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My Lords, we end Report as we began, discussing the principle of many of the policies within the Bill. The evening is drawing on—it is now quarter to 11—so noble Lords will forgive me if I do not restate all the arguments for all the policies.
However, I will say this. Later this week, we will pass to the other place a Bill which contains a number of distinct manifesto policies and which implements a number of measures set out in the Government’s Budget or productivity plan. The Government’s intention is quite clear. We all agree that this country, and in particular our young people, need more homes to be built. That is a key theme for this Government, and changes to the planning system and building new homes take time.
I understand the concerns raised by noble Lords, particularly the noble Baroness, Lady Hollis, about the availability of detail on some of the policies in the Bill, but this set of amendments would place delay upon delay on the building of new homes. This is extra time that we simply do not have. It would mean a delay to the sale of high-value assets, meaning delays to building two more affordable homes in London for every one expected to be sold, and a delay to the commencement of starter homes, meaning fewer built for young families looking for somewhere to call their own.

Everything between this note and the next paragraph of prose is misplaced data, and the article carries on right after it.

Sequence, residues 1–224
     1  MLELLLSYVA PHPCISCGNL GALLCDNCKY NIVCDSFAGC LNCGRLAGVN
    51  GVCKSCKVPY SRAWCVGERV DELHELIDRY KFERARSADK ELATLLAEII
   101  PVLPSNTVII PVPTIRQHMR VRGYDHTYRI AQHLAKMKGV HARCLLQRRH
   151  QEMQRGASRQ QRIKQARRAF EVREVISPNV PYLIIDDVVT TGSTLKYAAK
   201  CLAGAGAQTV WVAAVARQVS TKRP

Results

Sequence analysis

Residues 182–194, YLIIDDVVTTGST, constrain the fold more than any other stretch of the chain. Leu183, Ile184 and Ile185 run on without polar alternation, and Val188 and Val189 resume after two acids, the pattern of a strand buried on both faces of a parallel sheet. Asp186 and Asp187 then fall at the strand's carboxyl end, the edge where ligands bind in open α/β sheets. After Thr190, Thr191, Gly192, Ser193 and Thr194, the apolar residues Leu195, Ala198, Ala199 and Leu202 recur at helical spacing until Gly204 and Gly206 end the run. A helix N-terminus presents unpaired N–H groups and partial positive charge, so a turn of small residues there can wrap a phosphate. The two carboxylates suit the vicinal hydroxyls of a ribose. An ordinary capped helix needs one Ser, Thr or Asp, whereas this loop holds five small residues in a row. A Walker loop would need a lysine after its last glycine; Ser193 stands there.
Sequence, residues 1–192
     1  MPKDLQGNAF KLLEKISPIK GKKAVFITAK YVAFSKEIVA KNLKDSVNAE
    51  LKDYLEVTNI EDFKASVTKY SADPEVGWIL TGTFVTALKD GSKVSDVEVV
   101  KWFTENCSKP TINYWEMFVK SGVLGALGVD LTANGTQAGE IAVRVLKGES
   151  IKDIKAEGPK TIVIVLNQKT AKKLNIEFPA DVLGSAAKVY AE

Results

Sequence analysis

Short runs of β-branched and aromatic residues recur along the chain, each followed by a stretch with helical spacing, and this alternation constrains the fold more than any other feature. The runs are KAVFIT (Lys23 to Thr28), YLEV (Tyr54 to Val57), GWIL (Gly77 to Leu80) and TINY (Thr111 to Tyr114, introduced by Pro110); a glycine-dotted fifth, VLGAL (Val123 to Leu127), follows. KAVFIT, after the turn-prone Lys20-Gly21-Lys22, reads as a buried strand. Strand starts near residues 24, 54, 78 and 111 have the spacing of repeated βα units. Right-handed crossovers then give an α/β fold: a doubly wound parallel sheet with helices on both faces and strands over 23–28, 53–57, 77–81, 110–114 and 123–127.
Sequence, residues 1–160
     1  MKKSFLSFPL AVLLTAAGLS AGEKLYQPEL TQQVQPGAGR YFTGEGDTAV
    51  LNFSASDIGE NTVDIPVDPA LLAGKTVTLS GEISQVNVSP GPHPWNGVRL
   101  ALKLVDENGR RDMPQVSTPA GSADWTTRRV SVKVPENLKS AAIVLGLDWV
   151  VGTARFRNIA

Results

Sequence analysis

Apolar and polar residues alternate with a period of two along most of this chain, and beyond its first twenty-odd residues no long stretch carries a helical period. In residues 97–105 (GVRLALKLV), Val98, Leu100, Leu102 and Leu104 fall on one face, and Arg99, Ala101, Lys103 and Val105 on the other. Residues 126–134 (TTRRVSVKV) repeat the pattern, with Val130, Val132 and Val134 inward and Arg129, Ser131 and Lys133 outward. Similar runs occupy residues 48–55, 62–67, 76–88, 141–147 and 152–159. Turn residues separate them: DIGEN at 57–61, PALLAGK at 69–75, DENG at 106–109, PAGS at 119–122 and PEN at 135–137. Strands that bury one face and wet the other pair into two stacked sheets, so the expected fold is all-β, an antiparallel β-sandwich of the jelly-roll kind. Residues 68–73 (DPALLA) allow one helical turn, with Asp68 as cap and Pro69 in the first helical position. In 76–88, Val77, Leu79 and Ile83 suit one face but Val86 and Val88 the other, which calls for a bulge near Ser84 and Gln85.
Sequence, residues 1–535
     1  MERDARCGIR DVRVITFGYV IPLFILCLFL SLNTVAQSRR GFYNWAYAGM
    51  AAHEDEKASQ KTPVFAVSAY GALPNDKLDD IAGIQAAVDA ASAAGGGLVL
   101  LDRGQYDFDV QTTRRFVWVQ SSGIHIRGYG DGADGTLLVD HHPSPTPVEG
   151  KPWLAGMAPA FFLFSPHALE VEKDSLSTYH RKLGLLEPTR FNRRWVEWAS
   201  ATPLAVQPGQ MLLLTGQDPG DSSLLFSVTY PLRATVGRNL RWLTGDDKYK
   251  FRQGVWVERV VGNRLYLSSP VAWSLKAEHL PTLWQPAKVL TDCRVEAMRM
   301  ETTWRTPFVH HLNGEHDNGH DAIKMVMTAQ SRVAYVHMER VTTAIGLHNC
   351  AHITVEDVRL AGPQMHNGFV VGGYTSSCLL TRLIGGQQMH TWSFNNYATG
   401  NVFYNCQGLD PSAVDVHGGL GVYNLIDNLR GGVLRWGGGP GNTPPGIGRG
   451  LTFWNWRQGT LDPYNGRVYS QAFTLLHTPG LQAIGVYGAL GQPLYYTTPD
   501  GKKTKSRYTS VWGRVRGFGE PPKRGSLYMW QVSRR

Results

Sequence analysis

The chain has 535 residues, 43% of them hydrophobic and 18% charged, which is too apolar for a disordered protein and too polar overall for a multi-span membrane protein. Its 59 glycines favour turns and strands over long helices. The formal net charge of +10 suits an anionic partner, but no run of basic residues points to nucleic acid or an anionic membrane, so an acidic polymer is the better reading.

I have heard the arguments raised time and again—that noble Lords feel that the detail of our policies should be available for scrutiny before work is done to legislate for them—and I understand the points that have been made. I am very keen to see consensus where possible and to continue to engage with noble Lords across the House as we go forward in developing regulations after the Bill has completed its passage. That is why I have made a number of changes to enhance the role of Parliament in scrutinising our plans. Several regulations will now not come into force without the detail being agreed by both Houses. I believe that this is a good compromise, and it is the result of noble Lords’ passionate arguments and skill in refining the Bill to the point at which we are today.
Amendments 138 and 140, tabled by the noble Lords, Lords Lisvane, Lord Kerslake, Lord Beecham and Lord Foster, would delay the sale of high-value assets and the delivery of new homes which that would unlock. Furthermore, the sale of assets to pay for the voluntary right-to-buy agreement is a manifesto commitment, and people want to exercise their right to buy as soon as possible. Already more than 25,000 housing association tenants have registered their interest in taking up this option, with 1,000 registering their interest each week. Our current arrangements will allow Parliament to scrutinise the detail first, and I hope that that will satisfy noble Lords. However, at this point I must make it clear that I will not bring back this amendment at Third Reading. Therefore, if the noble Lord is not content with my response, he should test the opinion of the House this evening.
Likewise, the affirmative regulations effected by Amendment 141, tabled by the noble Lords, Lords Lisvane and Lord Kerslake, would prevent the starter home provisions in the Bill coming into force until a year after regulations are laid in both Houses. I say again that the Government’s manifesto commitment was to deliver 200,000 starter homes, and we will be expected to deliver on our commitment. Our current arrangements allow Parliament to scrutinise the detail first.